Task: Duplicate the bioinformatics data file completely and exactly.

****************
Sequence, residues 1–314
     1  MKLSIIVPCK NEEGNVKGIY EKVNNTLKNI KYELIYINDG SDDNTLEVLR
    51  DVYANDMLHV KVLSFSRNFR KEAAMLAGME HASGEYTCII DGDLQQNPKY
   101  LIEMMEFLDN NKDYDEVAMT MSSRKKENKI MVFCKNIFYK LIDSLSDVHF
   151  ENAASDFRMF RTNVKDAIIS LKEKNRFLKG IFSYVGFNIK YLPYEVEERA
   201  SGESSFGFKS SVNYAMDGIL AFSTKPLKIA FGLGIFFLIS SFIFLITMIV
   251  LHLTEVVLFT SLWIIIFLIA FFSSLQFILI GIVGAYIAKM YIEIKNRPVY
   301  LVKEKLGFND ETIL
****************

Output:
Sequence, residues 1–314
     1  MKLSIIVPCK NEEGNVKGIY EKVNNTLKNI KYELIYINDG SDDNTLEVLR
    51  DVYANDMLHV KVLSFSRNFR KEAAMLAGME HASGEYTCII DGDLQQNPKY
   101  LIEMMEFLDN NKDYDEVAMT MSSRKKENKI MVFCKNIFYK LIDSLSDVHF
   151  ENAASDFRMF RTNVKDAIIS LKEKNRFLKG IFSYVGFNIK YLPYEVEERA
   201  SGESSFGFKS SVNYAMDGIL AFSTKPLKIA FGLGIFFLIS SFIFLITMIV
   251  LHLTEVVLFT SLWIIIFLIA FFSSLQFILI GIVGAYIAKM YIEIKNRPVY
   301  LVKEKLGFND ETIL